In a separate bowl, sift together 2.25 cups of organic amaranth flour (I LOVE Bob’s Red Mill), 1 teaspoon of baking soda (Bob’s again), and 2 teaspoons of xanthan gum (again, Bob’s). Add these sifted dry ingredients to the wet ingredients and mix it all together until it’s completely combined. Turn the mixer down to a very low speed and empty in a bag of SunSpire organic chocolate chips. (You can also do this last step by hand, with a large spoon.)

Scoop rounded tablespoonfuls of batter onto a cookie sheet. (I like to line the cookie sheet with parchment paper, because aluminum is fairly food-reactive.) Bake the cookies for about 10 minutes, but make sure they look done before you take them out of the oven. Remove them from the cookie sheet and let them cool on a wire rack. Enjoy!

Asian Chicken

This recipe is an extremely modified version of Peking Duck. It’s simple to make and quite tasty.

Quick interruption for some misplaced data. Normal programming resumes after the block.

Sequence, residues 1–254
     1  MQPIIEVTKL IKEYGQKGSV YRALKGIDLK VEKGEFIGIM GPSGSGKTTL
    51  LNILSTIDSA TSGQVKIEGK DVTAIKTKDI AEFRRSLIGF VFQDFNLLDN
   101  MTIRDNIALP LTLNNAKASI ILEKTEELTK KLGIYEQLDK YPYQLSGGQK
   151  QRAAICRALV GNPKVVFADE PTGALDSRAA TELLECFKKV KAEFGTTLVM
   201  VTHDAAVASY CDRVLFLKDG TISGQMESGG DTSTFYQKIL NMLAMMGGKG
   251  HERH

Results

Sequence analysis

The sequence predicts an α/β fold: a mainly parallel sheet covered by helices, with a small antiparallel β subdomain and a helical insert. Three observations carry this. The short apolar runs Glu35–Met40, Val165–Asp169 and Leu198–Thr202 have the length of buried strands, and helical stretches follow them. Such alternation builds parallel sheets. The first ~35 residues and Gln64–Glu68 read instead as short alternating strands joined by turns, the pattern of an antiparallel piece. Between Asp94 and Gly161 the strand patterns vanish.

In a six-cup Pyrex dish, mix 1/4 cup sesame oil, 1/4 cup tamari, and 1/3 cup honey with a whisk (or a “whisky,” as my daughter says) until completely blended.

Cut two pounds of chicken breast into strips; place the strips into the Pyrex dish. Stir with a spoon to ensure that each piece of chicken is coated with the sauce. Put the lid on the Pyrex dish and marinate the chicken in the refrigerator for two hours.

When the chicken has been marinated for two hours, heat a large skillet over high heat. Add a large splash of sesame oil and heat for about a minute, then add the chicken strips to the skillet and fry them (in batches, if necessary). Discard the marinade.

When the chicken is cooked, serve it with rice, noodles, or any side dish that suits your fancy.

Happy Hanukkah!

It’s the second night of the festival of lights, and I wanted to share my latke recipe. It’s good for one meal plus leftovers for three people (at least, when one of the people is yours truly). It’s also gluten-free and dairy-free. (You can make it corn-free if you substitute tapioca powder for the cornstarch.)